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Lesson 3, Topic 1
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The Problem Definition Process

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Problem-solving in business is defined as implementing processes that reduce or remove obstacles.

In order to solve problems with potential products or services, you need first to understand and clearly define what the minimum viable problem is. We want to solve a full problem, not half of one, as a result, we need to get really clear exactly what problem we are actually trying to solve.

finding the problem
The Problem

The clearer our problem is, the easier it will be to design and produce a solution, work out who we can sell it to, what their needs are and how we can actually sell it to them, what price we charge and how we get it in front of them.

A problem that is sustainable, one we will be willing to dedicate ourselves our time and our resources to will be one that we are passionate about, a problem that frustrates us enough that we feel the need to solve it.

Albert Einstein said. “If I were given one hour to save the planet, I would spend 59 minutes defining the problem and one minute resolving it,”

Without really working hard at clarifying the problem,  most businesses miss opportunities, waste resources, and end up pursuing innovation initiatives that aren’t aligned with the right outcomes. A clear problem you’re looking to solve for your business, or it’s products and services sets the direction the business will go in, without it, it’s very easy to get lost.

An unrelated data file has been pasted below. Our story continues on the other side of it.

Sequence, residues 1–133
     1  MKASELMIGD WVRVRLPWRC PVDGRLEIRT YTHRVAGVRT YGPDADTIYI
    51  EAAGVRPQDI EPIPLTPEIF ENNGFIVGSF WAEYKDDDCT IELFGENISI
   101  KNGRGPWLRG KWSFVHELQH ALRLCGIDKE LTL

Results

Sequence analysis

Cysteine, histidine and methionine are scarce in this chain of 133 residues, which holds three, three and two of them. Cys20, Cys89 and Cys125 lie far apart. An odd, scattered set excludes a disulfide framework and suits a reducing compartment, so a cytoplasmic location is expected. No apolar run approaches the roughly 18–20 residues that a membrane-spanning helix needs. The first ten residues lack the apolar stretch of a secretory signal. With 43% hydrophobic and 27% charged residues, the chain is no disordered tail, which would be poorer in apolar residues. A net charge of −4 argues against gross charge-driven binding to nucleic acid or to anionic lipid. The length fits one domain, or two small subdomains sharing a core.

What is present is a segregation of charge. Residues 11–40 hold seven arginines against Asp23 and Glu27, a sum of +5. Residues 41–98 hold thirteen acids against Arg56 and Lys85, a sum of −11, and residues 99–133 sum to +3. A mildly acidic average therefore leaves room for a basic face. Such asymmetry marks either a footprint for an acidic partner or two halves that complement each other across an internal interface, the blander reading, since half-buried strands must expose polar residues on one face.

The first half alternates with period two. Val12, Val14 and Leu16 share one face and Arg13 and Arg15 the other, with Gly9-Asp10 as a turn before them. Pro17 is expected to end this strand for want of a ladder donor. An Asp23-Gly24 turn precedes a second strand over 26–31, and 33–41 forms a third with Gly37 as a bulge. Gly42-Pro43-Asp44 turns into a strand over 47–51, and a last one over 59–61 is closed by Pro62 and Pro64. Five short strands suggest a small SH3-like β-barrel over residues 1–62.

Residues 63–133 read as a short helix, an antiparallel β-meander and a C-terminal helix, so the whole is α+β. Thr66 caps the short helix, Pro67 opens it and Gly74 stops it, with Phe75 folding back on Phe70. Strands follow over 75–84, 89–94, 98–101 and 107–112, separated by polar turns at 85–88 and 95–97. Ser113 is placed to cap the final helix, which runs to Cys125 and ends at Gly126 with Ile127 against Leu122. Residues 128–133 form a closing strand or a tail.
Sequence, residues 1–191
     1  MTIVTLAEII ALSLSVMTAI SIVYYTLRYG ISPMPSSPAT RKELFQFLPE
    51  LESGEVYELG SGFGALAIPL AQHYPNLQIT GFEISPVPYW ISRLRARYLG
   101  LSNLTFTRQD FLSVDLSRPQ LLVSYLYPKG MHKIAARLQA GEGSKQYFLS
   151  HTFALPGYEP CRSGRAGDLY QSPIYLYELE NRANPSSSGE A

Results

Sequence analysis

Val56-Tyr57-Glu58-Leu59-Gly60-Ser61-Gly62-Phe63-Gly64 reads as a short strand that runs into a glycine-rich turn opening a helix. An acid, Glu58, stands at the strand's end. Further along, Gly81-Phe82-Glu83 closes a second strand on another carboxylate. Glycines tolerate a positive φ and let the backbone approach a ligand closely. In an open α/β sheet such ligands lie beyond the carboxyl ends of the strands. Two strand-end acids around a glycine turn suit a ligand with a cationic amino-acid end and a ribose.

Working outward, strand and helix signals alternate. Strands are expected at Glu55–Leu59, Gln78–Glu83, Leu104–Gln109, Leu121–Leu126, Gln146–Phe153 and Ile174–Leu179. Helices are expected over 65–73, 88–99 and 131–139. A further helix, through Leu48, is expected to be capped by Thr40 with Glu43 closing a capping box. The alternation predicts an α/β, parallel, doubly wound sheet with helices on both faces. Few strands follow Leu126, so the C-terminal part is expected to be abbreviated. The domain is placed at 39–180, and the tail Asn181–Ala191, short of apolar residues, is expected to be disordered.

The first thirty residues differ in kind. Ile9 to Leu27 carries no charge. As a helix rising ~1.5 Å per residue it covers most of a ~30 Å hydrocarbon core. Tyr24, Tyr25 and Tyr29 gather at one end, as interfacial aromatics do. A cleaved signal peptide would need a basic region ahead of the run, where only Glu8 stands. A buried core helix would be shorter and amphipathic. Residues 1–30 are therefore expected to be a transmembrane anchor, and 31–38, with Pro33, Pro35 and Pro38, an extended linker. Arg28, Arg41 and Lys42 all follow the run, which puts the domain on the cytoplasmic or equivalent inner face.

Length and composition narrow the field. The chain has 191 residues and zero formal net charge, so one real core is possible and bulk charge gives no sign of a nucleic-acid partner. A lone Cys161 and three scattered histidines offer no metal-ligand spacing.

design thinking
defining the problem

How many times have you seen a project go down one path only to realise in hindsight that it should have gone down another?

Many businesses are built, products/services are designed and often, they fail to be set up and the owner realises the product or service solution doesn’t quite meet the customer’s needs. Why? Most often because the central problem relating to the customer’s needs weren’t clearly articulated. The problem must meet the needs of the customer.

When starting a business, you see the first (big picture problem) in business, through the metaphor of a tree. A tree starts with a seed (the idea) it sprouts with one clearly defined problem (the trunk) as the business grows, the trunk strengthens and becomes the foundation for the business.

The trunk becomes the solution to the big picture problem (what Simon Sinek calls ‘the why’ behind the business, the reason driving the business existence).

As the tree continues to grow, it sprouts and strengthens branches (sub-problems and their solutions – the products and services that solve smaller related problems identified by the business.

As you grow and strengthen your business, the tree becomes what the world sees, your business in the eyes of your customers, the products and services you sell, and how you sell them. The trunk strengthens itself and anchors itself into the ground. The roots of the trunk become internal business operations and these are strengthened by your building out strong business policies, procedures and ways of doing things that all support you in solving the business problem.

As with anything a process can help facilitate your thinking and direct you to source solutions.

In order to help you really clarify and define your business or product or service problem, we’d like to share with you a problem defining a process. 

 

problem triangle

Adapted from Dwayne Spradlin the leader of InnoCentive, an innovation marketplace that uses problem-solving as the fundamental step for all product, service and business creation.

The process includes three steps:

 

  1. Establish the need for a solution to the problem
  2. Justify the need for the solution to the problem
  3. Contextualise the need for the solution to the problem!